3. Past/Future doesn't matter. I suggest you seek out the same video that Bradley witnessed, especially the Abbott vs. Troupe match. I haven't seen anyone run a crossface cradle like Robby Reel of South or David Suits of Delta in the past 20 yrs. either. It doesn't matter how long ago either wrestler wrestled....talent is talent! Watch the video....you will quickly change your mind.
  4. I don't mean to offend anyone but you did open the door.....this would not be a close match. Tony was at a total different level than Bradley, not to mention the mean streak that he had. Tony still holds records at U of I. I don't say this because he is a very close friend of mine, because there was a a time when he was a freshman and I was a senior that our schools were rivals...Delta - South. If Bradley escaped Tony's opposite side-headlock, he would have lost by at least 8 points if not more. Having said that I think Bradley is a great kid\wrestler and I hope he repeats.
  5. Don Patton (Delta) Fred Ginther (Delta) Bud Palmer (Delta) Dennis Lewis (Delta, Northwood) Tony Abbott (Muncie South) Seriously, I don't see how the "best ever" discussion continues after those three. Please ... don't throw Don Patton's name out there. Coaching kids different & creative ways to stall should disqualify a guy from consideration, in my book.[/font] Don Patton was a special coach. All of us who wrestled for him would do anything to win for him. He was that kind of Coach. Don passed away several years ago and he is dearly missed by all who knew him. He never discussed stalling w/ us! There was 2 pretty good wrestlers that used the clock to their advantage, which was well w/in the rules back then. One place 4th in the state and one was a state champ. Whoever made those ridiculous statements about Coach Patton reference stalling must have had their lunch handed to them by one of those wrestlers. Having said that, I find it appalling that someone makes negative statements about a Coach that achieved so much. Not to mention saying negative things about someone that can't defend himself. Grow up.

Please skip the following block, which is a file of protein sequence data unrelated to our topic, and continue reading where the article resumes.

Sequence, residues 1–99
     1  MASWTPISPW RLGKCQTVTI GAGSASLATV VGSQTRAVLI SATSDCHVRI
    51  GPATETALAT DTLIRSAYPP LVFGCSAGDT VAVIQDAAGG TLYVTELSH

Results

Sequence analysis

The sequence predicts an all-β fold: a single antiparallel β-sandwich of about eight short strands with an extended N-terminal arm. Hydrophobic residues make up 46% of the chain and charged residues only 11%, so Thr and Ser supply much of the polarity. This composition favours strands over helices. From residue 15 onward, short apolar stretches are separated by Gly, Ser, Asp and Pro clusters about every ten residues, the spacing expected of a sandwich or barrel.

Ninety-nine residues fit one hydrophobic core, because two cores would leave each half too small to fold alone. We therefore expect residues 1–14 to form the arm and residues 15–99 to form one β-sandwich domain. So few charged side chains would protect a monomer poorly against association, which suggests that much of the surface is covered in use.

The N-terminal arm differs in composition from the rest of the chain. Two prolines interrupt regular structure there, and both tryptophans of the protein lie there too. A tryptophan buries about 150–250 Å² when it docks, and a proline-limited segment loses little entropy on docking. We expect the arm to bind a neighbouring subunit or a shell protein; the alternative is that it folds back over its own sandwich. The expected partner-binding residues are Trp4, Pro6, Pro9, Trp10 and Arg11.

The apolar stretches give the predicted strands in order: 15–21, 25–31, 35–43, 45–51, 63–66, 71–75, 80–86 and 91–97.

6. John Smith-Ball Sate 6th place...I believe 1971 or 72....D-1 Richard Conaway 5th place IU...state champ from Muncie Central...60's
  7. As a sophomore and a junior, Gable went undefeated as he wracked up an impressive list of records, awards, and other honors including two individual NCAA championships, an NCAA record for most consecutive pins (25), and the Most Outstanding Wrestler of the NCAA Tournament (during the first of two consecutive championships for Iowa State). He also won the Gorrarian Award for the most pins in the least time in the NCAA Tournament (he pinned five opponents in a total of 20 minutes, 59 seconds). Having set these records, Gable was described by the Amateur Wrestling News as "the greatest pinner in college history."1 During Gable's senior year, Washington sophomore Larry Owings set out to do one thing: Beat Dan Gable. Owings had very publicly stated his intentions, and had dropped weight so he could wrestle in Gable's weight class. The two grapplers met in what would be Gable's final collegiate match, the 1970 NCAA title bout. The match did not start well for Gable as Owings established an early 7-2 lead. Gable rallied back from that deficit to tie the match at 8-8 in the third period, but Owings pulled off a stunning 4 point move in overtime and won the match 13-11. The upset was shocking, but Gable got right back on the horse two weeks later when he won an AAU (Amateur Athletic Union) tournament and was voted Outstanding Wrestler. Even today, he wonders about that loss: "One of the mind-boggling things for me in my profession and in my life so far has been why, how, did I ever end up losing that last match in college? I say that because I feel like there's no way I should've lost that match, and it shouldn't have happened. But then I look at what that match did to me, and I'm not so sure that I would change that either, because that match, that loss, probably drove me - even though it shouldn't have, a win should have done it - but I don't think it would have done it, to be honest with you." Dan Gable's record: As a Wrestler: High School Record: 64-0 College Record2: 118-1 Freshman : 17-0 Sophomore: 37-0 Junior : 30-0 Senior : 33-1 Total : 118-1
  8. Randal Hayes 87' Delta.......blew out his ankle at semi-state....wrestled 155.....was runner-up in 86' at 145.....was def. the favorite to win it. However, another friend of mine won it that year at 155, Paul Vioght. Mike Crowe 90' Delta.....was 160 I believe....def. picked to win....got staph the week before state.